Time was pressing, with the audience’s short attention span, the heat, and Marco starting to steam inside the foil and his legs becoming exhausted – ‘it was like being at the gym’, he commented about the legs-aloft posture afterwards. Marco was blind for the duration, his eyes enclosed in foil, his hearing similarly muffled, suffering a strange sensory deprivation combined with sensory-intensification, of the heat and posture. There was finite time to complete the moon wrapping. Timing was all important; duration was palpable, emphasized by the condition of heat and tiredness, energy manifested. I thought of the cycles of sun and moon, imagining the sun as having tasks, tasks to achieve before night, preparations to complete, routines that must be performed and punctual. The darkness dependant on the energy of the light. The formation of rituals by the intertwining of light and dark. Marco said afterwards that I was dancing round him like a maypole, as I wound him with foil. It had felt like an abstracted, dance-like ritual.
Marco, his back flat to the ground, his legs outstretched, was now entirely encased in foil. His body became an object – a crescent, a silver-moon-crescent. An absurd toy, improvised moon. Man in the moon. I took hold of his legs and guided them to the floor, stretching him out flat, almost feeling like I was breaking him in half. No longer the moon crescent, now a body, a 'mummy', a light and heat emitting presence. John said it felt as if Marco was emitting radioactivity, that the audience should be protected from the energy – that the foil was to protect the audience from radioactivity, like a special suit. I was conscious of Marco and my heat, from the activity, the circling, the wrapping, the reflectivity. I had the impression of a piece of salmon or meat wrapped for baking. Geraldine commented that ‘You trussed him up like a kipper’.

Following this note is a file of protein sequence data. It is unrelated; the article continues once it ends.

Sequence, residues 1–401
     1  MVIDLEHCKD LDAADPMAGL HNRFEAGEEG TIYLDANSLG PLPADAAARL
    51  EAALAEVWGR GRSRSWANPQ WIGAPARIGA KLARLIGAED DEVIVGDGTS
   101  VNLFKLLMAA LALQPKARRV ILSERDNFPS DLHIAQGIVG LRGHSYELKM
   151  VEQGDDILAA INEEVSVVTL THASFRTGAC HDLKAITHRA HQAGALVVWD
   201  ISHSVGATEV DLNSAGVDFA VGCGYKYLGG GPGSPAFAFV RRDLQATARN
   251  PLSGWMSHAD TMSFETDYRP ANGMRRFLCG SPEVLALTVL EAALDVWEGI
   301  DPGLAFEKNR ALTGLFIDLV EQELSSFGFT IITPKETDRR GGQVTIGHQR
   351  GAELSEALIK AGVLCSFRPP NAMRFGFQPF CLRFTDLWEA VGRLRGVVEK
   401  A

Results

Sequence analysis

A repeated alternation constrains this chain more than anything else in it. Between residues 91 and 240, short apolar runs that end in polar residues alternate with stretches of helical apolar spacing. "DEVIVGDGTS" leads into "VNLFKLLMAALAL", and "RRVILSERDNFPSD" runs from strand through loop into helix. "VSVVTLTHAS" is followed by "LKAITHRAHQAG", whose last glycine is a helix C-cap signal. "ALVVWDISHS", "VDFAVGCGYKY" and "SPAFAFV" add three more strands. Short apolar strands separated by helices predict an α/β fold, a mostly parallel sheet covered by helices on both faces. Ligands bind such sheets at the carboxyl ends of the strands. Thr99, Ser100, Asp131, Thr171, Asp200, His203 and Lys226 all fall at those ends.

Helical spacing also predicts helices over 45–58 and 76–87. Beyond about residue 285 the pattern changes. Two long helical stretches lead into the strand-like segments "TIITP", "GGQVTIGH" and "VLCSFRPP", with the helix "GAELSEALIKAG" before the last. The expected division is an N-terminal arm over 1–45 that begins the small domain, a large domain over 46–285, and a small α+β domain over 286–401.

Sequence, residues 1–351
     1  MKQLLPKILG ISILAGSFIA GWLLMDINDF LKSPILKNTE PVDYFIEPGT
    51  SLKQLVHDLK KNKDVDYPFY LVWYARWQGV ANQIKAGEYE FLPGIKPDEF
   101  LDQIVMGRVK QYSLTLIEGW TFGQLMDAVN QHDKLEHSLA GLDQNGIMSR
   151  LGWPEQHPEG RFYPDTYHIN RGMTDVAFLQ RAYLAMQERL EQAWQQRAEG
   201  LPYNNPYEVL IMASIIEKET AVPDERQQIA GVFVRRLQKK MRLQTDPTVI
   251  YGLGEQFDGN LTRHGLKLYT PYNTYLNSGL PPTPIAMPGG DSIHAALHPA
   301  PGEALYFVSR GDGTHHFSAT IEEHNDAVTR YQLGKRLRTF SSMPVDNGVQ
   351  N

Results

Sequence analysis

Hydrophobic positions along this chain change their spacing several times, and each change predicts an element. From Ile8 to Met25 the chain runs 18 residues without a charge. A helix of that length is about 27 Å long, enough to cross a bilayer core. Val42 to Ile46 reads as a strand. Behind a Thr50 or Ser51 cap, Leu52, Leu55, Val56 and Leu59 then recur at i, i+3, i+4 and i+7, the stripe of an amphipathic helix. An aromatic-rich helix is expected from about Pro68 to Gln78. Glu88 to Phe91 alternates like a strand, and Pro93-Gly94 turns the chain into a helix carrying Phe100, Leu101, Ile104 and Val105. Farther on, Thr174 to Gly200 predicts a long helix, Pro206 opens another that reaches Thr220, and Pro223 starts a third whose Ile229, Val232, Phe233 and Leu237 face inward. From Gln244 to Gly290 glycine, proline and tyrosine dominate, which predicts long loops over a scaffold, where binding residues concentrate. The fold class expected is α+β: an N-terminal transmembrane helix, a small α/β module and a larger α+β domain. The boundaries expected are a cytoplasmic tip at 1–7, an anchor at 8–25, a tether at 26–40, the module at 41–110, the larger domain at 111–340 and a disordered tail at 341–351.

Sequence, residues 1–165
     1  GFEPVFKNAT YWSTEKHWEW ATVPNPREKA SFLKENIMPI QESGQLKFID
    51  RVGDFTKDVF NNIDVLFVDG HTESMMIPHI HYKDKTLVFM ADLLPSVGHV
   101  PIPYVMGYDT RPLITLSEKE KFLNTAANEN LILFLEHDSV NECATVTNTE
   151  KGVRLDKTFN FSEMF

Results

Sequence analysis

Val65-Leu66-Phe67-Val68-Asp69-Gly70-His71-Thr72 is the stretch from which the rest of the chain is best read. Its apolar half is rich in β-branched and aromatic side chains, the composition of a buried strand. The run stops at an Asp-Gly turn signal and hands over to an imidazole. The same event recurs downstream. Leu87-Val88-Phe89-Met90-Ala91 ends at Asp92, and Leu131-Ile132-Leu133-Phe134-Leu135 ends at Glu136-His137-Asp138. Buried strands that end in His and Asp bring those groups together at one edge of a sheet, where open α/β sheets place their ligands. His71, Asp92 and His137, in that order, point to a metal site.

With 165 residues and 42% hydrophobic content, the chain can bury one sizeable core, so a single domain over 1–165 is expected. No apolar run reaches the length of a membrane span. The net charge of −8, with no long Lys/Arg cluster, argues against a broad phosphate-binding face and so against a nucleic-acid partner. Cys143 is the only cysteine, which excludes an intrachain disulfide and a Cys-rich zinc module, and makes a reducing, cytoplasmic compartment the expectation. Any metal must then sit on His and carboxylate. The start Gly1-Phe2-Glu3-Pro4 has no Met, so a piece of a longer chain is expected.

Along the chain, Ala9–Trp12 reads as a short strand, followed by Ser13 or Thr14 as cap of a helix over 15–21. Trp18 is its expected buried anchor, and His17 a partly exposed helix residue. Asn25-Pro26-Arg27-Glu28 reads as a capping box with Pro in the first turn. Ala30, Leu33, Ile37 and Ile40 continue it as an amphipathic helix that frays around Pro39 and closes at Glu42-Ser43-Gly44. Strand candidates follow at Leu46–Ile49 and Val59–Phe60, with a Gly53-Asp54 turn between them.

Once Marco was stretched out I took the folded flag and shook it out, like shaking a blanket or duvet. I laid it over him like a bed cover. I felt I was putting the moon to bed, completing a point in a cycle. The moon going in. I felt caring, patient, protective. I sat at his feet, crouched, like at the foot of a bed – watching, guarding, paused, waiting. Though the pause was brief – necessarily as Marco was too hot and the audience distractable – my moment crouched at the foot of the moon was a clear, weighted punctuation.
I rose from my post and pulled the flag-cover from the sleeping moon and cast it aside. Then, I held up Marco’s legs back into a crescent and began quickly to unwrap them. I roughly unwound the wool binding, tangled, and tore off shards of foil, ripping and scattering them like sun-moon-light across the floor. I held his legs, revealed now to the innard of silver and gold suit and gold trainers, and pushed the legs down as I guided his body up to sitting, into the ‘L’ shape, his torso still wrapped. I continued the reverse process, of unwrapping, tearing the foil from his body, feeling the heat beating out. When I pulled the last pieces from around Marco’s head, his face emerged, red and streaming with sweat, having endured the intense reflective heat, basted inside the foil shell and in the thick wool suit. He was the heat emitting core. I squeezed and gently shook his shoulder to ‘wake’ the moon, a gesture of ‘time to get up’. He opened his eyes, and I helped him to his feet, the silver core now animate, amidst the scattered foil shards.
More crumpled foil and flag, after the performance
The performance ‘proper’ came to an end here, but after a minute or so I returned and began to gather the foil shards and compress them into a ball, in a gesture of tidying. Marco joined me, scavenging on the floor for foil, to create a huge sphere of foil, a ‘full moon’, from the remnants of the performance. The foil-moon-ball was later placed, by Marco, on top of one of Micalef’s sculptures, to become a final element in the sculpture, a full moon hovering above a Loovah-lampshade.
The foil-moon on top of Micalef's Loovah-Lampshade sculpture
To read about other performances I've done, including more with Marc Vaulbert de Chantilly, please click here.